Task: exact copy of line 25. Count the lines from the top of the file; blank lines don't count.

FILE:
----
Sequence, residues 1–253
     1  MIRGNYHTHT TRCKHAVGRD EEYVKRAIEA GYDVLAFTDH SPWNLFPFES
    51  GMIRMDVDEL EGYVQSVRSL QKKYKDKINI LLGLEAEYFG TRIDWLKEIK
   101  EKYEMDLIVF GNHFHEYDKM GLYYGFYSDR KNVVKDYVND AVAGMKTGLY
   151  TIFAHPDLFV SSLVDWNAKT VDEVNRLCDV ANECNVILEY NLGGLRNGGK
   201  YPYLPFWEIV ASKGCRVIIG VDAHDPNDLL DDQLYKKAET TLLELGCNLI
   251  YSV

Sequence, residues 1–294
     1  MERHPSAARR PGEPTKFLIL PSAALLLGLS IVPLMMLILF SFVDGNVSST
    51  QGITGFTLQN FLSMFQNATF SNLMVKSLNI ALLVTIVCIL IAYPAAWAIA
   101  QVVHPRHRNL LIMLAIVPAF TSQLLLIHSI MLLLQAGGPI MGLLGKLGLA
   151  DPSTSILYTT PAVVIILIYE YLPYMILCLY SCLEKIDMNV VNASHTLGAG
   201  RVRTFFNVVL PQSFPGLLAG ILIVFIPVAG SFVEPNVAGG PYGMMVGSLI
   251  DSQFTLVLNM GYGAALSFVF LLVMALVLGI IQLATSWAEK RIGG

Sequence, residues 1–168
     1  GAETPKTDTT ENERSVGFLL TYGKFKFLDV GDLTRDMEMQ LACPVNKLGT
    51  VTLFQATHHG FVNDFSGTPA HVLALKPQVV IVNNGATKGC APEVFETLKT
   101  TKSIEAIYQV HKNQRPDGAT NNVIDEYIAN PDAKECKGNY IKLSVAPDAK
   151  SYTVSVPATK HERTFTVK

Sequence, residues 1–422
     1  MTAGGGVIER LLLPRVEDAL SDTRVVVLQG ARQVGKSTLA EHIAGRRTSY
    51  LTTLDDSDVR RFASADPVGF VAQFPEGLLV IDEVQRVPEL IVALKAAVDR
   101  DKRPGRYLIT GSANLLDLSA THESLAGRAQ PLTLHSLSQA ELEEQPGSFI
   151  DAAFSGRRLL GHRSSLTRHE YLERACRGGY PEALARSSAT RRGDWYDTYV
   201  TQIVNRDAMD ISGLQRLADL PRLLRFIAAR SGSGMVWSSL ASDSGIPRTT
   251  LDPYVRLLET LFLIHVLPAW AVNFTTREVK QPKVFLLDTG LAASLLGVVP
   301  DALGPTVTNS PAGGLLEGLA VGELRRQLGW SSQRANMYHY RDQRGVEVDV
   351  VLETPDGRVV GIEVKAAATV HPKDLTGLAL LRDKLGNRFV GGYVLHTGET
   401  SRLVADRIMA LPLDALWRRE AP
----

   201  TQIVNRDAMD ISGLQRLADL PRLLRFIAAR SGSGMVWSSL ASDSGIPRTT